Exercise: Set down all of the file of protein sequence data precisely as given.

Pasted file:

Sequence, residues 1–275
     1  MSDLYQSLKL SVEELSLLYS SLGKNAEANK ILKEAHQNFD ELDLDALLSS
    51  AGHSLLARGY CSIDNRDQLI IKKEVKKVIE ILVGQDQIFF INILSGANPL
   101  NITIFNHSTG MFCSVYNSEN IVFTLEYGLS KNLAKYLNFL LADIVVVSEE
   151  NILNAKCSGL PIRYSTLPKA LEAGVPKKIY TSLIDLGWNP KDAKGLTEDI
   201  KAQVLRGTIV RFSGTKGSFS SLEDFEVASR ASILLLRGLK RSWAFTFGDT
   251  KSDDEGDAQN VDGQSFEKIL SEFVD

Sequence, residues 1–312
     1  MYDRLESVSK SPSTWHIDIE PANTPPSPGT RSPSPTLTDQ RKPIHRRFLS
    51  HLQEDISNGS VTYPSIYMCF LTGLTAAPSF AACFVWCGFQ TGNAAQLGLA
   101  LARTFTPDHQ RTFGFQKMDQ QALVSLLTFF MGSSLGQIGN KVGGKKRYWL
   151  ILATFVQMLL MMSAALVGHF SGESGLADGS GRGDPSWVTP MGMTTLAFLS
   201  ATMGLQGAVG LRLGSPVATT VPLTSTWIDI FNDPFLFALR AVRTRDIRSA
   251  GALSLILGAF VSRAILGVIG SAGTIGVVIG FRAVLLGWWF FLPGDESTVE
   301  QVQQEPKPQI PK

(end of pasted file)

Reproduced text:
Sequence, residues 1–275
     1  MSDLYQSLKL SVEELSLLYS SLGKNAEANK ILKEAHQNFD ELDLDALLSS
    51  AGHSLLARGY CSIDNRDQLI IKKEVKKVIE ILVGQDQIFF INILSGANPL
   101  NITIFNHSTG MFCSVYNSEN IVFTLEYGLS KNLAKYLNFL LADIVVVSEE
   151  NILNAKCSGL PIRYSTLPKA LEAGVPKKIY TSLIDLGWNP KDAKGLTEDI
   201  KAQVLRGTIV RFSGTKGSFS SLEDFEVASR ASILLLRGLK RSWAFTFGDT
   251  KSDDEGDAQN VDGQSFEKIL SEFVD

Sequence, residues 1–312
     1  MYDRLESVSK SPSTWHIDIE PANTPPSPGT RSPSPTLTDQ RKPIHRRFLS
    51  HLQEDISNGS VTYPSIYMCF LTGLTAAPSF AACFVWCGFQ TGNAAQLGLA
   101  LARTFTPDHQ RTFGFQKMDQ QALVSLLTFF MGSSLGQIGN KVGGKKRYWL
   151  ILATFVQMLL MMSAALVGHF SGESGLADGS GRGDPSWVTP MGMTTLAFLS
   201  ATMGLQGAVG LRLGSPVATT VPLTSTWIDI FNDPFLFALR AVRTRDIRSA
   251  GALSLILGAF VSRAILGVIG SAGTIGVVIG FRAVLLGWWF FLPGDESTVE
   301  QVQQEPKPQI PK